The largest company in the world can fluctuate day to day, even minute by minute, depending what measurement is used. Tesla began 2022 as the world's fifth largest company by market cap and ended the year in 11th place after their CEO Elon Musk's acquisition of Twitter.

Author: Luca Ventura

Top 10 Largest Companies of 2020 by Market Capitalizationa

Rank Company Country Sector ($ Bil.)
1 Apple U.S. Technology 1,971
2 Saudi Aramco Saudi Arabia Energy 1,956
3 Amazon U.S. Consumer Services 1,592
4 Microsoft U.S. Technology 1,546
5 Alphabet U.S. Technology 1,116
6 Alibaba China Consumer Services 863
7 Facebook U.S. Technology 795
8 Tencent China Technology 724
9 Berkshire Hathaway U.S. Financial 496
10 Taiwan Semiconductor Taiwan Semiconductors 405
aAs of November 3, 2020.

Top 10 of the 2020 Fortune Global 500a

Rank Company Country     Revenues ($ Mil.) Revenues (% Change)           Profits ($ Mil.) Profits (% Change)
1 Walmart U.S. 523,960 1.9 14,880 123.1
2 Sinopec Group China 407,010 -1.8 6,793 16.2
3 State Grid China 383,910 -0.8 7,970 -2.5
4 China National Petroleum China 379,130 -3.5 4,443 95.7
5 Royal Dutch Shell Netherlands 352,110 -11.2 15,840 -32.2
6 Saudi Aramco Saudi Arabia 329,780 -7.3 88,211 -20.5
7 Volkswagen Germany 282,760 1.6 15,540 8.5
8 BP United Kingdom 282,620 -7.0 4,030 -57.1
9 Amazon U.S. 280,520 20.5 11,590 15.0
10 Toyota Motor Japan 275,290 1.0 19,096 12.4
aFiscal year ended on or before March 31, 2020.

Top 10 of the Forbes Global 2000a

Rank Company Country     Revenues ($ Bil.)          Profits ($ Bil.)          Assets ($ Bil.)     Market Value ($ Bil.)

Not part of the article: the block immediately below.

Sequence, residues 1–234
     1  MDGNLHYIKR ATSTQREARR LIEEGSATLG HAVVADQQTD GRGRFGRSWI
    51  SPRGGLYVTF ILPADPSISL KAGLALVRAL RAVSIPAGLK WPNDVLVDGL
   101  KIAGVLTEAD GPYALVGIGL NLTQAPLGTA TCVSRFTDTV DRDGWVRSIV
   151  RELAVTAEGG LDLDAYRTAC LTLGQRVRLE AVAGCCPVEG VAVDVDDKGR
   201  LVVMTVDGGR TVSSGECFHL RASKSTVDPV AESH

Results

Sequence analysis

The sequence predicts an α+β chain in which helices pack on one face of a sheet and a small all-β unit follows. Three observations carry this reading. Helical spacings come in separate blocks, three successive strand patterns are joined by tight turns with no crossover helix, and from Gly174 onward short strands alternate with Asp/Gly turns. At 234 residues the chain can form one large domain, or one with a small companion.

1 ICBC China 177 45 4,323 242
2 China Construction Bank China 162 39 3,822 203
3 JPMorgan Chase U.S. 143 30 3,139 292
4 Berkshire Hathaway U.S. 255 81 818 455
5 Agricultural Bank of China China 149 31 3,698 147
6 Saudi Aramco Saudi Arabia 330 88 398 1,685
7 Ping An Insurance Group China 155 19 1,219 187
8 Bank of America U.S. 112 24 2,620 209
9 Apple U.S. 268 57 320 1,286
10 Bank of China China 135 27 3,387 113
aData as of April 30, 2020.

This is why Fortune's annual Global 500 list ranks the world’s top corporations by revenue instead of market capitalization to determine which is truly the largest. Published every year since 1995, the Global 500 list provides a bird's-eye view of the most important long-term trends in global markets.

For these top companies, 2021 turned out to be a very good year. It came after a very bad one: in 2020 total revenue for the top 500 firms fell 4.8% to $31.7 trillion, the most since 2016—the culprit, needless to say, was Covid-19. However, aggregate sales rose to $37.8 trillion in 2021, an increase of 19% and the highest annual growth rate in the ranking’s history.  Walmart managed to reclaim the title of the world’s largest company by revenue for the ninth consecutive year, while Amazon landed at number 2, its highest position ever. The most important takeaway from that is this: for the first time, revenues from companies in Greater China (including, Fortune notes, Taiwan) exceeded revenues from U.S. companies on the list. Overall, they account for 31% of the total. Greater China also has the most companies on the list, 145, up two from last year. In the meantime, the US was up two as well, with 124, while Japan lost six to 47. Overall, the companies included in the survey encompass 229 cities and 33 countries.

Where does Apple, the most capitalized company in the world, stand in Fortune's ranking? The company actually made it into the top 10 for the first time only in the previous edition of the list, although it drops one spot to number 7 this year. Along with Amazon, it is the only big American tech company making the top 10. Alphabet is at number 17, Microsoft at 33 and Facebook is trailing at 71. Tesla (which according to some definitions is a tech company that makes cars) at 242, is squeezed between the petrochemical firm Shenghong Holding Group and the naval conglomerate China State Shipbuilding.